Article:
Sunday, 28 April 2013

1st Sunday of Advent - Year A

Isaiah 2:1-5; Romans 13:11-14; Matthew 24:37-44

You may have noticed a little change in the parish bulletin header this week. The phrase Striving for holiness ... has been replaced with Starting afresh from Christ ....

The inspiration for this change is twofold.

Firstly it's a response to the awareness that this is a special time of beginning - not only the season of Advent; not only a new liturgical year (Year A); not only a new three year liturgical cycle, but also the first Sunday of the rest of our lives. We are being called to start afresh and what better way to do that than from Christ?

The second inspiration for this change is Pope John Paul II. In his Apostolic Letter NOVO MILLENNIO INEUNTE, at the beginning of the new millennium, he exhorted the whole Church to start afresh from Christ and to begin our 'starting' by contemplating the Face of Christ. What a wonderful task he set us!

To contemplate the face of Christ is not just to contemplate the physical details of his face, his external appearance, his looks as they are suggested to us from images such as the Shroud of Turin or the Veil of Veronica.

Nor is it just to contemplate his look – the way he looks at me. It is both of these things but even more.

To contemplate the face of Christ is to contemplate, as deeply as we can, his truth, his inner being, the inner reality of the man who is God.

To contemplate the face of Christ is to contemplate the human face of a man but also the human face of God.

To contemplate the face of Christ is to contemplate the face of one who loves us. The face of one who loves us is always a special face. Notice the way young couples in love look at each other. Jesus loves us with the very love of God. We contemplate not just love on the face of Jesus but the we contemplate the face of Love.

To contemplate the face of Christ is to contemplate one who contemplates us. How we long to see this face - the face of one who never grows tired of 'gazing' at us - the face of one who wants us, who desires us so passionately that he gave his very life for us!

To contemplate the face of Christ is to begin to contemplate ourselves. As we contemplate the Word made Flesh we are contemplating the Word by whom and through whom and for whom we were made. In contemplating him we begin to see our own meaning, dignity and value, and the more we do this the more we penetrate this mystery of who we ourselves are.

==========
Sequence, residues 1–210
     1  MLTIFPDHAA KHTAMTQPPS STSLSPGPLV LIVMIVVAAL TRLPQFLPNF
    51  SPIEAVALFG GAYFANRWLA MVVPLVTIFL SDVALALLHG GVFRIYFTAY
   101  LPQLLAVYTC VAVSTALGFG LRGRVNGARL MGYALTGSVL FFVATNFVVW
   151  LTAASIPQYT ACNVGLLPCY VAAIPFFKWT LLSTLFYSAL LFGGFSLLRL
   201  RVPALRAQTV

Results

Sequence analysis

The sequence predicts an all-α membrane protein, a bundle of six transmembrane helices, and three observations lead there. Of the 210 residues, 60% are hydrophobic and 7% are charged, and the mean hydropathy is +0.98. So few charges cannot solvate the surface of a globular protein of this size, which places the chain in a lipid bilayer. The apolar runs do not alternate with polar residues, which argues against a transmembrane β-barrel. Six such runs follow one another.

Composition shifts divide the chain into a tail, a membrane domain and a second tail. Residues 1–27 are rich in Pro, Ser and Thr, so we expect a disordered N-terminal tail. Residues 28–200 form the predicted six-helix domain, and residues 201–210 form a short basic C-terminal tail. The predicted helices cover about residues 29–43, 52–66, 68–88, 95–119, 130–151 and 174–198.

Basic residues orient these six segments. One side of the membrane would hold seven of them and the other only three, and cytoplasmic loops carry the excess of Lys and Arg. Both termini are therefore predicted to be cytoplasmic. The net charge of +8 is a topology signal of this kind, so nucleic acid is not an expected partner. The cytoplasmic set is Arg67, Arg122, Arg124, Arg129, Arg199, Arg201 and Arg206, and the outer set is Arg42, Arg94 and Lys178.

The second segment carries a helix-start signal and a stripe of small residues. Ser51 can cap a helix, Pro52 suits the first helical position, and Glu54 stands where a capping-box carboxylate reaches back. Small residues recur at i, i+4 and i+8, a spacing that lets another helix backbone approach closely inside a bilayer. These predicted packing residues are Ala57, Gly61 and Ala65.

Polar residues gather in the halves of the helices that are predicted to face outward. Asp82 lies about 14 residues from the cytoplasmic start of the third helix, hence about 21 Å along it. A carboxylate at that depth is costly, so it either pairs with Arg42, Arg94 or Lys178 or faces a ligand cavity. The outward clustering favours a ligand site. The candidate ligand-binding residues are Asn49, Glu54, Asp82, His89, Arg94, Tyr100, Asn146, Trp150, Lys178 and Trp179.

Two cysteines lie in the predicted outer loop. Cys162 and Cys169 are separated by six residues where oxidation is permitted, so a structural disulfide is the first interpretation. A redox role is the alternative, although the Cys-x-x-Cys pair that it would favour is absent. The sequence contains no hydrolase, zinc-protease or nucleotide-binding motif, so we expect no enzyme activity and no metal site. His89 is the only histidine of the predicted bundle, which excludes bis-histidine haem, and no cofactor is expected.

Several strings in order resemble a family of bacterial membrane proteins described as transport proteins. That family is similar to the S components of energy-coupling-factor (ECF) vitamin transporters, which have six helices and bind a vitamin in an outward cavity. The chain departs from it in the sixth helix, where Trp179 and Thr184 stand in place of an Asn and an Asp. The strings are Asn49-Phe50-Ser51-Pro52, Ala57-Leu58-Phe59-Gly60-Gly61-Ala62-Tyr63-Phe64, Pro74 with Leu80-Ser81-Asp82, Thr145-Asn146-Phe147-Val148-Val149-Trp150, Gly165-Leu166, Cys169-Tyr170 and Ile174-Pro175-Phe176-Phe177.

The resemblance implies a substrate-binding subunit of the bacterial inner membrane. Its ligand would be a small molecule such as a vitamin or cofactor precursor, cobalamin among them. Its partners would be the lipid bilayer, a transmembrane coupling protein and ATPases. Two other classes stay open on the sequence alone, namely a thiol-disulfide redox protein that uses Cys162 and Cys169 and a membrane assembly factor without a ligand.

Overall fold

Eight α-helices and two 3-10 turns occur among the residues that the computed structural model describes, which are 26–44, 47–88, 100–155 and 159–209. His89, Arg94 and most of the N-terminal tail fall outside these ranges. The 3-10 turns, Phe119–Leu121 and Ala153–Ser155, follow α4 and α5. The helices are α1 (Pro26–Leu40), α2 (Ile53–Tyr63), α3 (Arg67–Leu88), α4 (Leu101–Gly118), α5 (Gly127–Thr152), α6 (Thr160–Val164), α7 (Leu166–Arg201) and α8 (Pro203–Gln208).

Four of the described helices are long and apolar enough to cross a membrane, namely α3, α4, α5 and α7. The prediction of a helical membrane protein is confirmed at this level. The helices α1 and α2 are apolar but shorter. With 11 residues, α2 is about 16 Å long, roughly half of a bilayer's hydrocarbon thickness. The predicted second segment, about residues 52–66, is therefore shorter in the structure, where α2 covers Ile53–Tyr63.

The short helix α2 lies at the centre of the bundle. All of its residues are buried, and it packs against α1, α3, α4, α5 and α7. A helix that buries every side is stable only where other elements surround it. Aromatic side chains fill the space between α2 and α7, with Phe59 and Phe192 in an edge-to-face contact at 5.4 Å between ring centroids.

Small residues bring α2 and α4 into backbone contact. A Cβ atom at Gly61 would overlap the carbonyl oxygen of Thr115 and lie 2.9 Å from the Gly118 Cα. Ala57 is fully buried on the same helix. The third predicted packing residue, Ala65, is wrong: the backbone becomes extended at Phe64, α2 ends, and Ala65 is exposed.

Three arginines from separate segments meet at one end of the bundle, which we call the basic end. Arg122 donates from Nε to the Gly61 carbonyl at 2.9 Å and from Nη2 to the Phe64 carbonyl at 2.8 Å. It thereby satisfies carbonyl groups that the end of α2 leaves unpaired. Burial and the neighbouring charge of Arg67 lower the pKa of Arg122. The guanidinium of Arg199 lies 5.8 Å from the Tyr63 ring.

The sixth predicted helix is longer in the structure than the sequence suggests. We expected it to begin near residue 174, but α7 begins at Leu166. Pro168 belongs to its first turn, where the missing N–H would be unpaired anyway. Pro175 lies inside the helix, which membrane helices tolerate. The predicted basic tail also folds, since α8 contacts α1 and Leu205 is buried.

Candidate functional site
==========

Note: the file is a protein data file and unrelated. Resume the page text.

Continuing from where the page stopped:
Finally, to contemplate the beautiful face of Christ is to ourselves become more beautiful. As a husband and wife often take on each other's characteristic features so we begin more and more to resemble the one we contemplate. And surely this is the very goal of our contemplation - ultimately to be transformed into him.

So this Advent let us start afresh from Christ by longing for, searching for, and contemplating his Face.

This is the Church's invitation to each one of us and she promises to help us, to encourage us, to direct us.
  • She offers us the Word of Sacred Scripture. We need to search for him and contemplate him there - every day. As Pope John Paul II said in No 17 of Tertio Millennio Ineunte: The contemplation of Christ's face cannot fail to be inspired by all that we are told about him in Sacred Scripture...
  • She offers us the presence, word and action of Jesus in each of her Sacraments. We need to contemplate him there.
  • She offers her members, the Community, those in communion with Christ. We need search for him and contemplate him there.
It would not be untrue to say that we are all here today because we are searching for Christ. The Church knows this so the first words (Entrance Antiphon) she asked us to say today are: To you, my God, I lift my soul, I trust in you...
And then, in the Opening Prayer: Increase our longing for Christ our Saviour...
Listen to Mother Church urging us on in the many joyful imperatives sprinkled throughout the liturgy:

Come –

  • let us go up to the mountain of the Lord
  • let us walk in the light of the Lord
  • let us go rejoicing to the house of the Lord
  • let us go to God’s house
  • wake up now
  • Let us give up all the things we prefer to do under the cover of the dark
  • let us arm ourselves and appear in the light
  • let us live decently
  • let your armour be the Lord Jesus Christ
  • stay awake
  • stand ready
This season of Advent is a marvellous spiritual opportunity for us, a promise of real enrichment. On a practical level let us:
  • make a resolution to read the Bible every day, if only for 10 minutes.
  • renew our determination to be faithful to the Sunday Mass.
  • stop avoiding involvement in the Community.

1 comment:

GK said...

This is a really good homily for Advent. I will read it to my catechism class and get some feedback. I won't tell them whose homily it is, they can guess.